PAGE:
Prince Edward, Duke of Kent and Strathearn

Prince Edward, Duke of Kent and Strathearn
Prince Edward
Duke of Kent and Strathearn
Duke of Kent and Strathearn
Spouse Princess Victoria of Saxe-Coburg-Saalfeld
Full name
Edward Augustus
House House of Hanover
Father George III of the United Kingdom
Mother Charlotte of Mecklenburg-Strelitz
Born 2 November 1767(1767-11-02)
Buckingham Palace, London
Died 23 January 1820(1820-01-23) (aged 52)
Woodbrook Cottage, Sidmouth, Devon
Burial St. George's Chapel, Windsor

The Prince Edward, Duke of Kent and Strathearn (Edward Augustus; 2 November 1767 – 23 January 1820) was a member of the British Royal Family, the fourth son of King George III and the father of Queen Victoria. He was created Duke of Kent and Strathearn and Earl of Dublin on 23 April 1799, the same year he became commander-in-chief in North America.


Early life

Prince Edward was born on 2 November 1767.[1] His father was the reigning British monarch, George III, the eldest son of The Prince Frederick, Prince of Wales and Augusta of Saxe-Gotha. His mother was Queen Charlotte (née Duchess Charlotte of Mecklenburg-Strelitz), the daughter of Duke Charles Louis Frederick of Mecklenburg-Strelitz. As a son of the British monarch, he was styled His Royal Highness The Prince Edward from birth, and was fourth in the line of succession to the throne. He was named after his paternal uncle the Duke of York and Albany, who had died several weeks earlier and was buried at Westminster Abbey the day before his birth.

Prince Edward was baptised on 30 November 1767; his godparents were The Hereditary Prince of Brunswick-Lüneburg (his paternal uncle by marriage, for whom The Earl of Hertford, Lord Chamberlain, stood proxy), Duke Charles of Mecklenburg-Strelitz (his maternal uncle, for whom The Earl of Huntingdon, Groom of the Stole, stood proxy), The Hereditary Princess of Brunswick-Wolfenbüttel (his paternal aunt, who was represented by a proxy) and The Landgravine of Hesse-Kassel (his twice-paternal great-aunt, for whom The Duchess of Argyll, Lady of the Bedchamber to The Queen, stood proxy).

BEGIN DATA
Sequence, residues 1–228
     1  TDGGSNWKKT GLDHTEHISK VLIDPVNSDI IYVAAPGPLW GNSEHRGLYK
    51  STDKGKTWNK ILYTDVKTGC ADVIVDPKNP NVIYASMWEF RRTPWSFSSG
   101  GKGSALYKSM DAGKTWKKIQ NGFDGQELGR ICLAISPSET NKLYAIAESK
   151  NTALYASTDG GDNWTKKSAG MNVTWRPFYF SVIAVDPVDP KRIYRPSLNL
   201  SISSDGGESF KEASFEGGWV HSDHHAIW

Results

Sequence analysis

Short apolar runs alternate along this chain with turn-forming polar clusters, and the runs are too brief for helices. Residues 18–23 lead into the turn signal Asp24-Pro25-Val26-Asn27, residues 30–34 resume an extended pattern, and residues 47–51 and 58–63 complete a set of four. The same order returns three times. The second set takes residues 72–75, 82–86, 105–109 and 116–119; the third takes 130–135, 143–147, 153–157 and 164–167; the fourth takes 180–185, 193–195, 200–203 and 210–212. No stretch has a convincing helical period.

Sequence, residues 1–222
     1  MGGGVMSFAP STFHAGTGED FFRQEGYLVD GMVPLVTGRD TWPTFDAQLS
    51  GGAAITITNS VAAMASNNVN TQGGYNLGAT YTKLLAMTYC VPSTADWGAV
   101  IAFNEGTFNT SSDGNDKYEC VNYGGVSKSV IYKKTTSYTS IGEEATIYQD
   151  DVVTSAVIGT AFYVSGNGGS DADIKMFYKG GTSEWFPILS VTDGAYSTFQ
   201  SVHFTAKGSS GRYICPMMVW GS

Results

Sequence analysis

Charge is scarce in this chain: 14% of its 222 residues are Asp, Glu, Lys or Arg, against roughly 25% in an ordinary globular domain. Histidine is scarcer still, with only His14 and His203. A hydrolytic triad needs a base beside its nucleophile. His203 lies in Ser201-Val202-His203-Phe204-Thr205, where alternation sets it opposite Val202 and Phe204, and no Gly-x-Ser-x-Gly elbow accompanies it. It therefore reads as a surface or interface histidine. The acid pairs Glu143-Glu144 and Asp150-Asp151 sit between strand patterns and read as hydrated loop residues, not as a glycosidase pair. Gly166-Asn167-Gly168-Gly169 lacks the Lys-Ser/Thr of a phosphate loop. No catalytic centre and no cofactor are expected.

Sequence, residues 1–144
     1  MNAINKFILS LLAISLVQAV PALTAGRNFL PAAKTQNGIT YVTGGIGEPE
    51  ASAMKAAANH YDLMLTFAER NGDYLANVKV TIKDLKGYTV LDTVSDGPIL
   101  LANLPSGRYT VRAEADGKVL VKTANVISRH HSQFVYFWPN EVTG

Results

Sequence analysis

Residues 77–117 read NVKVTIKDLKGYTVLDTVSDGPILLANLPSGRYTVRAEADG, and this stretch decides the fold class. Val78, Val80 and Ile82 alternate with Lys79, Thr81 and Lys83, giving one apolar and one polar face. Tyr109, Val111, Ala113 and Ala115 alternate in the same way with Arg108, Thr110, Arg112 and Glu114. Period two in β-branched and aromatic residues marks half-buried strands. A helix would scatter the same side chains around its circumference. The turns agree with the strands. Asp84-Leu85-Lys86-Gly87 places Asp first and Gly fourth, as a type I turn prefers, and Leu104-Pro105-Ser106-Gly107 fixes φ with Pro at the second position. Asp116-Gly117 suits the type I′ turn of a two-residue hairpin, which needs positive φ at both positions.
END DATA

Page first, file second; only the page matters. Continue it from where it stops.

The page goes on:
In 1785, Prince Edward began his military training in Germany.[1] King George III intended to send him to the University of Göttingen, but decided against it upon the advice of the Duke of York. Instead, Prince Edward went to Lüneburg[1] and later Hanover, accompanied by his tutor, Baron Wangenheim.[1] During 1788 to 1789 he completed his education in Geneva.[1]

In 1789 he was appointed colonel of the 7th Royal Fusiliers.[1] In 1790 he returned home without leave and, in disgrace, was sent off to Gibraltar as an ordinary officer.[1]

He was ordered to Canada in 1791.[1] The prince received promotion to the ranks of major-general in October 1793[1] and lieutenant-general in January 1796.[1] On 24 April 1799,[2] he was created Duke of Kent and Strathearn and Earl of Dublin, and was later, in May, promoted to the rank of general and appointed the Commander-in-Chief, North America.[1] For most of this period he lived in Halifax, Nova Scotia[1] and was instrumental in shaping that port's military defences for protecting the important Royal Navy base, as well as influencing the city's and colony's socio-political and economic institutions.

On 24 May 1802, the Duke began an appointment as Governor of Gibraltar, with express orders from the government to restore discipline among the troops.[1] However, the Duke's harsh discipline precipitated a mutiny by soldiers in the Royal Fusiliers and the 25th Regiment on Christmas Eve 1802.[1] The Duke of York, then Commander-in-Chief of the Forces, recalled him in May 1803 after receiving reports of the mutiny.[1] The Duke refused to return to England, despite orders to, until his successor arrived. The Duke of Kent formally held the governorship of Gibraltar until his death, although the Duke of York forbade him to return. As a consolation for the end of his active military career, he was promoted to the rank of field marshal[1] and appointed Ranger of Hampton Court Park on 5 September 1805.[1] The Duke of Kent continued to serve as honorary colonel of the 1st Regiment of Foot (the Royal Scots) until his death.

British Royalty
House of Hanover
Quarterly, I and IV Gules three lions passant guardant in pale Or; II Or a lion rampant within a double tressure flory-counter-flory Gules; III Azure a harp Or stringed Argent; overall an escutcheon tierced per pale and per chevron, I Gules two lions passant guardant Or, II Or a semy of hearts Gules a lion rampant Azure, III Gules a horse courant Argent, the whole inescutcheon surmounted by crown
George III
   George IV
   Frederick, Duke of York
   William IV
   Charlotte, Queen of Württemberg
   Edward, Duke of Kent
   Princess Augusta Sophia
   Elizabeth, Landgravine of Hesse-Homburg
   Ernest Augustus I of Hanover
   Augustus Frederick, Duke of Sussex
   Adolphus, Duke of Cambridge
   Mary, Duchess of Gloucester
   Princess Sophia
   Prince Octavius
   Prince Alfred
   Princess Amelia
   Charlotte, Princess Leopold of Saxe-Coburg-Saalfeld
   Princess Charlotte of Clarence